Several town of Glenville residents spoke out at a public hearing on Wednesday, Feb. 7 on the proposed amendments to the Freemans Bridge master plan. The area is one of the town's hotspots for future development.
Town Planner Kevin Corcoran outlined the tentative changes, distributing a color-coded map indicating the possible revisions. The four major areas that would be changed are:
Approximately 42 acres of flood plain along Horstman Creek and the Dromme Kill originally targeted for preservation/conservation could be used for multi-family housing on the west side of Horstman Creek, and commercial/mixed use on the east side.
Approximately 30 acres south of the Boston and Maine Railroad and west of Horstman Creek could be changed from office/technology part to multi-family housing.
About 15 acres of land north of the power line easement and east of Freemans Bridge Road changed from multi-family housing to commercial/mixed use.
About 28 acres on both sides of Maple Avenue changed from multi-family housing to traditional neighborhood development.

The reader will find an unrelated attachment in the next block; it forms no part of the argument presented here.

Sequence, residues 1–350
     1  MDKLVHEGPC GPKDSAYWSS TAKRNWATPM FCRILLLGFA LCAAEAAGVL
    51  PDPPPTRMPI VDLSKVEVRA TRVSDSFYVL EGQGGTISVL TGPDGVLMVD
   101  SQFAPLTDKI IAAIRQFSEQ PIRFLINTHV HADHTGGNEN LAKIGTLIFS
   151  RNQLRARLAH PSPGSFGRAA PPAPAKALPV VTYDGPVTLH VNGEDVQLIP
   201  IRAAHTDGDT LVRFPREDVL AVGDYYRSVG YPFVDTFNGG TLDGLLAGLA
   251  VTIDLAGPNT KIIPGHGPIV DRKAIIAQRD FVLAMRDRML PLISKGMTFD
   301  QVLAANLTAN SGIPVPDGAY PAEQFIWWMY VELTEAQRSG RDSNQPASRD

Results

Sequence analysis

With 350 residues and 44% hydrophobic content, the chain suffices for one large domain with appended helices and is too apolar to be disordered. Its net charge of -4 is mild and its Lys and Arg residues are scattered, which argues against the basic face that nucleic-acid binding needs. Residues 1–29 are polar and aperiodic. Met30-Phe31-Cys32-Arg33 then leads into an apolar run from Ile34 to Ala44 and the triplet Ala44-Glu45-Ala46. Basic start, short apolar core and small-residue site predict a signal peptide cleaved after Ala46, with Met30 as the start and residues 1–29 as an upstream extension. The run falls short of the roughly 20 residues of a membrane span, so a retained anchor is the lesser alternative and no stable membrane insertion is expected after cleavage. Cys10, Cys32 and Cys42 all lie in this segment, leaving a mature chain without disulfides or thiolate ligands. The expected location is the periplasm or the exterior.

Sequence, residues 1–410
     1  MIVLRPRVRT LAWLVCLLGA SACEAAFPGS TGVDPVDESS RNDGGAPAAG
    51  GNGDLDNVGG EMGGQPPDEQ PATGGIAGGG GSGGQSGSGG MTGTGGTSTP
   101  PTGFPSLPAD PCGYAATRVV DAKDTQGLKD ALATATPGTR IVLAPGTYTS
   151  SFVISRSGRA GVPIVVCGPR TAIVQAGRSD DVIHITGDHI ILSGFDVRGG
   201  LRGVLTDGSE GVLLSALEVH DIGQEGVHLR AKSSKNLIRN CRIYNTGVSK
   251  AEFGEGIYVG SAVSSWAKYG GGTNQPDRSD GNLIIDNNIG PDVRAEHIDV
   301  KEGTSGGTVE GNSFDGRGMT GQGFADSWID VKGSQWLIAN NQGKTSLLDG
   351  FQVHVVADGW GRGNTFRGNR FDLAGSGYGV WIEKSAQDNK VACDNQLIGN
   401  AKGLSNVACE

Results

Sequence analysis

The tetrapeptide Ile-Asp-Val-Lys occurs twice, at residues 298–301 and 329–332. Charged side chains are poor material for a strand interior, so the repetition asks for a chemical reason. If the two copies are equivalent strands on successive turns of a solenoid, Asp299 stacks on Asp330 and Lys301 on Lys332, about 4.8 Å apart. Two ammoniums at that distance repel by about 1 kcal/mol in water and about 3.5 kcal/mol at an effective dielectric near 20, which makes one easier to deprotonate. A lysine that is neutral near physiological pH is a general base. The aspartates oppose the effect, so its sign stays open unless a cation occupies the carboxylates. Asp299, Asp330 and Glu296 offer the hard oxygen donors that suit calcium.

The total effect of these proposed changes is relatively insignificant, said Corcoran. "About 57 acres would be 'upgraded' to a more intense proposed land use classification, while 58 acres would essentially be 'downgraded.' This is essentially a change in our blueprint for future development."
Town resident Neil Turner expressed his concerns over the board's methodology for setting aside acreage for land preservation, and the impact the new designations would have on the property owners.
"I'm a strong proponent of open space, but as the town changes land set aside for conservation to commercial use, they are trying to make it up somewhere else," said Turner. "They're trying to arbitrarily make all the colors come out evenly on the map. This imposes a restraint on someone else's land. Isn't there a better criterion for establishing land conservation zones?"